• Cell surface proteins can be specifically targeted by antibodies and are therefore potential biomarkers suitable for molecular imaging or drug targeting

What are the new findings?

  • Identification of 2609 proteins from cell surface fractions of five CRC cell lines, one of the largest CRC protein data sets obtained to date

  • Identification of 44 candidate cell surface protein biomarkers associated with adenoma-to-carcinoma progression

  • Verification of glucose transporter type 1 and prion protein as cell surface biomarkers with increased protein expression in high-risk colon adenomas and carcinomas compared to low-risk adenomas

How might it impact on clinical practice in the foreseeable future?

  • Cell surface protein biomarkers for adenomas at high risk of progression and carcinomas are candidate targets for molecular imaging as well as candidate drug targets

  • These biomarkers may facilitate optical image-guided surgery, positron emission tomography imaging and MRI-based molecular virtual colonoscopy

Introduction

Colorectal cancer (CRC) is the second most common cancer in the industrialised world, accounting for about 1 million new cases and 0.5 million cancer-related deaths each year.1 The stage at which CRC is detected determines patient outcome, with 5-year survival rates of more than 90% for stage I disease and less than 10% for stage IV disease.2 Therefore, early detection of CRC is a realistic approach to reduce the currently high CRC death rates. CRC develops in a multi-step manner from normal colon epithelium upon accumulation of (epi)genetic changes that stimulate proliferation and formation of non-malignant precursor lesions, that is, adenomas, which may further progress into invasive tumours with metastatic potential. One of the key biological features of adenoma-to-carcinoma progression is the introduction of genomic instability, occurring as chromosomal instability in about 85% of CRC cases or as microsatellite instability (MSI) in about 15% of CRC cases.3 4 Specific chromosomal aberrations have been associated with adenoma-to-carcinoma progression, particularly gains of chromosomal regions 20q, 13q and 8q.5 6 Importantly, only approximately 5% of all adenomas will progress into carcinomas, a subset to which we will further refer to as ‘high-risk adenomas’.7 Therefore, biomarkers that discriminate normal colon and low-risk adenomas on the one hand from high-risk adenomas and early-stage CRC on the other hand would be of particular clinical relevance.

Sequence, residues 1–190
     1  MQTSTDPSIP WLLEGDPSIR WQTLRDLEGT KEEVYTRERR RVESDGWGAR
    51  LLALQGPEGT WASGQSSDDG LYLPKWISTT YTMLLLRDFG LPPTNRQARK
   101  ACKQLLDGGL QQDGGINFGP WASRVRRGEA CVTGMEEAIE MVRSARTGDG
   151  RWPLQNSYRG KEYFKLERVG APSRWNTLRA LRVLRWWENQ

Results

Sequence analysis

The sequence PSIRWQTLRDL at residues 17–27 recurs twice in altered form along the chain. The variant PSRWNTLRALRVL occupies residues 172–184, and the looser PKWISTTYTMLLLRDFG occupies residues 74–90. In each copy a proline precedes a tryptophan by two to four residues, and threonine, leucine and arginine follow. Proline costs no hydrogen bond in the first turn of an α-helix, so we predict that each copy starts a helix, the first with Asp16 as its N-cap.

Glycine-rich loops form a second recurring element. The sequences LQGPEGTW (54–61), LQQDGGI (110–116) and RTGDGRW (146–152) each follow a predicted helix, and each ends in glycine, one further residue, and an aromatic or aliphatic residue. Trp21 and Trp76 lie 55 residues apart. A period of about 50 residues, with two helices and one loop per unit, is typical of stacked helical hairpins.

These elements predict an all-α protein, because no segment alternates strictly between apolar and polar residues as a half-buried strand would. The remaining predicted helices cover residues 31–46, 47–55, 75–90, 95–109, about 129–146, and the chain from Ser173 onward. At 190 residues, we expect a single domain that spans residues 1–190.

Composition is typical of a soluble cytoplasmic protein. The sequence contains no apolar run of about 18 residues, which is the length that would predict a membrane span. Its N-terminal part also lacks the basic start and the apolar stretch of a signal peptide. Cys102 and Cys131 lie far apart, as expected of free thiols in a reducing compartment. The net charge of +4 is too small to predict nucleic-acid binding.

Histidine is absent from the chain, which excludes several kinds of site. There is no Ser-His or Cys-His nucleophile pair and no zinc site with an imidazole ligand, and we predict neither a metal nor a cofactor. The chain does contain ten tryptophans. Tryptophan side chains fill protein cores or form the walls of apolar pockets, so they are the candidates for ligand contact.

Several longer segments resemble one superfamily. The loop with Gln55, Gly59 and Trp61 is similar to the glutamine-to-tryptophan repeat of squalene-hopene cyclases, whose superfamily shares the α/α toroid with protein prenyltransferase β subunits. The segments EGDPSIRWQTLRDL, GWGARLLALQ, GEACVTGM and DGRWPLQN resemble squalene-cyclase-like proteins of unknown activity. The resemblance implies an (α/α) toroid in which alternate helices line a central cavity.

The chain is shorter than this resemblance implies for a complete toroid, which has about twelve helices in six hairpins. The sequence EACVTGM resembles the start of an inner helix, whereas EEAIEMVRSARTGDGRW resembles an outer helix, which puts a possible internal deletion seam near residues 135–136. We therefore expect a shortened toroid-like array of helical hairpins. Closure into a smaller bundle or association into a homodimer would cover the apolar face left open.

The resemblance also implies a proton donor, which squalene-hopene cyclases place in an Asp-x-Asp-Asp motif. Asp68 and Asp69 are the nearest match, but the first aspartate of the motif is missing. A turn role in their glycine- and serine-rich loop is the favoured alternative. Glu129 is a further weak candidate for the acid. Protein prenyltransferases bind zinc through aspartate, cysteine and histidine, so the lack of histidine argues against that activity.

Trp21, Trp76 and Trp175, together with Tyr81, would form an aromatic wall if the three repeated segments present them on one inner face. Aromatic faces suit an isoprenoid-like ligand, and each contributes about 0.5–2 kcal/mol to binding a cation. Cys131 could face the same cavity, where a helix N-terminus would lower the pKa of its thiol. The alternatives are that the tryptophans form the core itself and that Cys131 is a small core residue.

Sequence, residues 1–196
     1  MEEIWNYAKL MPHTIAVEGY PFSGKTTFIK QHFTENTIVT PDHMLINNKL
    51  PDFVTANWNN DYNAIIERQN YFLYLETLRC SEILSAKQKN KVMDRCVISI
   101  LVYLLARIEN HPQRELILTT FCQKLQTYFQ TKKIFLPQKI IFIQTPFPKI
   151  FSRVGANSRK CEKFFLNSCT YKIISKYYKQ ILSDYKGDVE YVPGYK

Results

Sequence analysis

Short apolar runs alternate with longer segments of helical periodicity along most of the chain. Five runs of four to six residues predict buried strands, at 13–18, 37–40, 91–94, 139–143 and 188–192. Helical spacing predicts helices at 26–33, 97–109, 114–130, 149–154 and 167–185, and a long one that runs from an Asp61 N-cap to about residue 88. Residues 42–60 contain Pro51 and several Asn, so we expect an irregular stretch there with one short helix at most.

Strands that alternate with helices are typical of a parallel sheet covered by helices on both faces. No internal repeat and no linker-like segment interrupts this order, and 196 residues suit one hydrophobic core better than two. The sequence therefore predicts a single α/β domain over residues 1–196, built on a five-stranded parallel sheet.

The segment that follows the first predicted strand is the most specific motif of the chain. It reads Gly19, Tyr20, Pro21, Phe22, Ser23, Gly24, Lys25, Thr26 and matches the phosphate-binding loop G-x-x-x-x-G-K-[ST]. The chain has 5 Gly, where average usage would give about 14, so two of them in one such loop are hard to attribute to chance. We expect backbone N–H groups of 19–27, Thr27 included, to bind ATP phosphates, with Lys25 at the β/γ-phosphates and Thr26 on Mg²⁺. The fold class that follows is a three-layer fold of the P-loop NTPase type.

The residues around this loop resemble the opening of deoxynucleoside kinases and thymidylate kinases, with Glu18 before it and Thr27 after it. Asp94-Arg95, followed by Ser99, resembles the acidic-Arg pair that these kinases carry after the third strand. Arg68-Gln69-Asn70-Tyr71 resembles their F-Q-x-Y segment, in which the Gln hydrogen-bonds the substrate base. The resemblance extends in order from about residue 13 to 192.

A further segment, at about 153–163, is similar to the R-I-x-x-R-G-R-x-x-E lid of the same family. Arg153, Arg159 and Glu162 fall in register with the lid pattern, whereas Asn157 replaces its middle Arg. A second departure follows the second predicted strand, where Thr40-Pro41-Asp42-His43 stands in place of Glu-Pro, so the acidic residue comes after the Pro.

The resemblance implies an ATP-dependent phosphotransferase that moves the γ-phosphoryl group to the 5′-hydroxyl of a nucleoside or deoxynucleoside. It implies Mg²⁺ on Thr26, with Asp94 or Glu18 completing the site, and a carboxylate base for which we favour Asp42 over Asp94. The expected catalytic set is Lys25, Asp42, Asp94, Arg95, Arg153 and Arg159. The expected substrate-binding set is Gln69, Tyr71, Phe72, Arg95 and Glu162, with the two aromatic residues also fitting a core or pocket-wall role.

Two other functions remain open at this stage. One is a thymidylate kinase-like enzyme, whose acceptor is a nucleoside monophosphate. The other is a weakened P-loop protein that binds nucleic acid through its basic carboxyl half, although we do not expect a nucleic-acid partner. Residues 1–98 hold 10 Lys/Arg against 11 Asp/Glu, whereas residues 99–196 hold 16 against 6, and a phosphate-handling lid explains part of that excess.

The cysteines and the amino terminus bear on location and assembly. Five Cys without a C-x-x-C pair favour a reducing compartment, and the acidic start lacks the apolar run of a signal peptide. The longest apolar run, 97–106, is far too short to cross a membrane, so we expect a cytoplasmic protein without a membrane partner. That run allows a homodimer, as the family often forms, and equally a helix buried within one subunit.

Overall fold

Anatomical imaging techniques like CT and MRI are commonly used to visualise tumour mass for diagnosis, prognosis and monitoring of disease. However, tumour masses that are phenotypically similar may have evolved through activation of distinct molecular pathways, with significant consequences for disease prognosis and treatment selection. Visualisation of molecular information by molecular imaging is an emerging field of research, with already a number of established clinical applications and with many more under study.8 Cell surface proteins with extracellular domains are attractive as biomarkers because they can be targeted by monoclonal antibodies with high specificity. Such antibodies can be labelled with radioactive tracers for imaging by positron emission tomography (PET), with particles for MRI, or with fluorescent labels for image-guided surgery.9–11 In addition, some of these biomarkers may function as novel targets for (antibody-based) therapeutic cancer drugs.12